2.1 Formalization of a minimalist grammar
The following formalization is based on the work of harkem01diss and stabler11’s ’directional minimalist grammars’. A minimalist grammar is composed of a lexicon
and structure building operations, typically classified as
merge and move.Let be a minimalist grammar, such that .

is a finite set of lexical items with are defined as , where is a phonological feature (or a word in our case) and are syntactic features which interact with the structure building operations and are categorized into four types as follows:

category (e.g. v, d, p)  define the syntactic categories (verb, noun …);

selector (e.g. d= , =p)  select argument constituent to the left or right;

licensor (e.g. +case, +wh)  select moving constituent;

licensee (e.g. case, wh)  selected moving constituent.


are the structure building operations which allow lexical items to merge together into large units of meaning. They are defined further bellow.
Each lexical item is categorized by one category feature. If a lexical item has selector features, these are checked by merging with constituents of the corresponding category feature. A licensor feature is used to move a previously merged constituent with the corresponding licensee feature.
contains two structure building operations, merge defined in (1) and move defined in (2). These operations apply to constituents, both simple (a single lexical item) and complex (a series of lexical items which have been merged). which re marked by a single ’:’. The operations are defined as follows:
Let x be a category feature, be a list of syntactic features and constituents.

merge

mergeL (merge a nonmoving item to left)

mergeR (merge nonmoving item to right)

mergem (merge an eventually moving item)


move

move1 (moving item to final landing position)

move2 (moving item which will move again)

Here, represent constituents which have previously merged using mergem into the derivation, but still carry licensee features  i.e. items which have not reached their final landing position in the syntactic structure.
The figure in (2.1) is an example of a derivation in this system using and the following lexical items defined. Derivation of ’what did you see?’.
= { what :: d wh , see :: =d d= v, you :: d, did :: =v i, :: =i +wh c }
[.move
c
what did you see [.merge
+wh c, wh [.=i +wh c ] [.merge
i, wh
(did you see, what) [.=v i
did ] [.merge
v, wh
(you see, what) [.d
you ] [.merge
d= v, wh
(see, what) [.=d d= v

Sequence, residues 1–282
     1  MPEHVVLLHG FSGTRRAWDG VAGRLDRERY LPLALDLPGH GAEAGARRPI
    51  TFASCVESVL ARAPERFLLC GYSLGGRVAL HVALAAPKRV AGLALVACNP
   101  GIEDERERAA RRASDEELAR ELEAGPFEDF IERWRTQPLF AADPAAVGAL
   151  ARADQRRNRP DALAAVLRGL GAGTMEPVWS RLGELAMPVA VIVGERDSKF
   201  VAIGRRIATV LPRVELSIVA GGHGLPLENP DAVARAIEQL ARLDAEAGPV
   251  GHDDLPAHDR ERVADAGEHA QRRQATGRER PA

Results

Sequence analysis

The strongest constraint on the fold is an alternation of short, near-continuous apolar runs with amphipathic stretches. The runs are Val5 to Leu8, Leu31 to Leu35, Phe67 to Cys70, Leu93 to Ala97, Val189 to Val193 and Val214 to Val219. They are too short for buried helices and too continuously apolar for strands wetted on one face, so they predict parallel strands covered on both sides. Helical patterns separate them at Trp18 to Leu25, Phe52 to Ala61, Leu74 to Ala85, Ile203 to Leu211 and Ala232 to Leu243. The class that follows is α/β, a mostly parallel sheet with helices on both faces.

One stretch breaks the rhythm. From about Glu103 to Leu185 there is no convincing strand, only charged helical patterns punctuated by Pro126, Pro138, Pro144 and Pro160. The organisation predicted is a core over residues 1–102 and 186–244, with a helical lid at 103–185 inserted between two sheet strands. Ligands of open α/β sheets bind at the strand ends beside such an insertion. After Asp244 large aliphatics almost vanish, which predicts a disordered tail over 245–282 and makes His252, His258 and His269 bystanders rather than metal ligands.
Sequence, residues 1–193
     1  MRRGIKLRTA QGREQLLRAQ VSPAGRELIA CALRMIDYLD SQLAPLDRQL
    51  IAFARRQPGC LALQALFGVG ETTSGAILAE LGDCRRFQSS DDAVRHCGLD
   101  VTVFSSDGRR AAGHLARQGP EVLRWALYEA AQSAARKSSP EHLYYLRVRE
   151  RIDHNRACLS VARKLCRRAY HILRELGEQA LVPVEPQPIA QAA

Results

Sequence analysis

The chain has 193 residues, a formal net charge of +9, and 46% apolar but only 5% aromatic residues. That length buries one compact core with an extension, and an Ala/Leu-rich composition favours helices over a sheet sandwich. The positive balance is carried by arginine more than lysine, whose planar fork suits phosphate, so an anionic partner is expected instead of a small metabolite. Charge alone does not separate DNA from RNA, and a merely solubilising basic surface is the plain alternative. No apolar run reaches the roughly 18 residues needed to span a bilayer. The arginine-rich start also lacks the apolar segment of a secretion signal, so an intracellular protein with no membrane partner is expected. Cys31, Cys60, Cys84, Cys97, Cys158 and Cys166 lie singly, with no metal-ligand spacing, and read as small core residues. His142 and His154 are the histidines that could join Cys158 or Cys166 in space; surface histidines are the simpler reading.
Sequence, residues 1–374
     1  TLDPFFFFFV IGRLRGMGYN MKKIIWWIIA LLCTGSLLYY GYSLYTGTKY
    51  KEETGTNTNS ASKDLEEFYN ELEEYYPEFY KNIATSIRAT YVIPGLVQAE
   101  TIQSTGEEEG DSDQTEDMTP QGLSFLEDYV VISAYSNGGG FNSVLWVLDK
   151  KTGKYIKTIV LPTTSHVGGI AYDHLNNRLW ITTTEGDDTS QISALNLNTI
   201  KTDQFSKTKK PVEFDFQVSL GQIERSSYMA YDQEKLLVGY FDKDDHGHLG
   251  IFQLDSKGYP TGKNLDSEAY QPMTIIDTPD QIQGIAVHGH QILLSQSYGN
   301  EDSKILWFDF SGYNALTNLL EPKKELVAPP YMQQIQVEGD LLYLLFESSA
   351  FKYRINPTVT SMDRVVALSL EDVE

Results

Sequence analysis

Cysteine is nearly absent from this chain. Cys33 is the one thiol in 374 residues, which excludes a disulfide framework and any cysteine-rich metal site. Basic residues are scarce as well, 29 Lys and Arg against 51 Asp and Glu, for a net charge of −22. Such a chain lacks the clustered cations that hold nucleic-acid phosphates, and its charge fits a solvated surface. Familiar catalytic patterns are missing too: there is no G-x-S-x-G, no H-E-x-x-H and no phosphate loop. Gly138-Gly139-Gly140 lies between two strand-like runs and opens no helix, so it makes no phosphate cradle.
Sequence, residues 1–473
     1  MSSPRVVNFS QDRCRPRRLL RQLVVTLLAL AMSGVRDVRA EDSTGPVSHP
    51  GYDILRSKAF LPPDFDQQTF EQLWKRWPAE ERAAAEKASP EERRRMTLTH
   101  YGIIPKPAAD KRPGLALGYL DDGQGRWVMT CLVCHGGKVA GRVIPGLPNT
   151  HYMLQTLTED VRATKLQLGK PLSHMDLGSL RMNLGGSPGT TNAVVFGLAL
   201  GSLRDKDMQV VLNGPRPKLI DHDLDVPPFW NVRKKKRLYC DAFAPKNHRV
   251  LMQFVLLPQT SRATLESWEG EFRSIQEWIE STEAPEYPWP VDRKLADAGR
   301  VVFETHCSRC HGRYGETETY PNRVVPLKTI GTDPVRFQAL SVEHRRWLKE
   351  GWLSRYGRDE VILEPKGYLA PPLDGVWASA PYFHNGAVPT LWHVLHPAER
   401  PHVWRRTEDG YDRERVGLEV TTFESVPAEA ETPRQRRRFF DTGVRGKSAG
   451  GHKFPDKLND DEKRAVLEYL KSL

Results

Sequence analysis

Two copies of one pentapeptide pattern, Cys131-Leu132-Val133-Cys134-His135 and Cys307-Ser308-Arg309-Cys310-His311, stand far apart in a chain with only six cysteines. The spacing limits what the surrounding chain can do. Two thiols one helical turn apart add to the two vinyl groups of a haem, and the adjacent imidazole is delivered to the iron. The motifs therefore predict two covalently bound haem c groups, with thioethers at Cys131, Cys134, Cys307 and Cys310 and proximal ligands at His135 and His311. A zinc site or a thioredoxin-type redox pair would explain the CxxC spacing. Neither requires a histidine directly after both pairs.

see ] [.d wh
what ] ] ] ] ] ]

mergem: v selects d what;

mergeL: v selects d you;

mergeR: i selects v you see, what;

mergeR: c selects i did you see, what;

move: wh moves to satisfy +wh what did you see;

All features are satisfied.
Thus, this minimalist grammar allows us to represent long distance displacements as this example shows. In the next section I develop a generative model based on this minimalist grammar.
3 The generative model for a minimalist grammar
Developing a generative model for minimalist grammars is not intuitively obvious for two reasons. The first reason is minimalist grammars have always been defined ’bottom up’: they begin with a set of lexical items ( this is called the enumeration in chomsk95’s original theory) and use the structure building rules to derive a tree rooted by a single category feature. However, when sampling, we need to adopt a ’topdown’ approach to the derivation problem to make sure we only sample derivation trees which terminate  i.e. are rooted by a single category feature. The second problem we face is how to handle move. This operation complicates things significantly because it introduces the concept of tuples of items. For this reason, for our initial implementation we have decided to define a generative model which excludes move as a possibility. However, we hope to update this model to include the all the minimalist structure building operations soon. Essentially, what this means is that the following generative model is equivalent to a context free grammar.
Let be an arbitrary category feature. We define a Dirichlet prior over parameterized by a distribution over categories of lexical items .
is the probability distribution over all possible feature sets which contain the category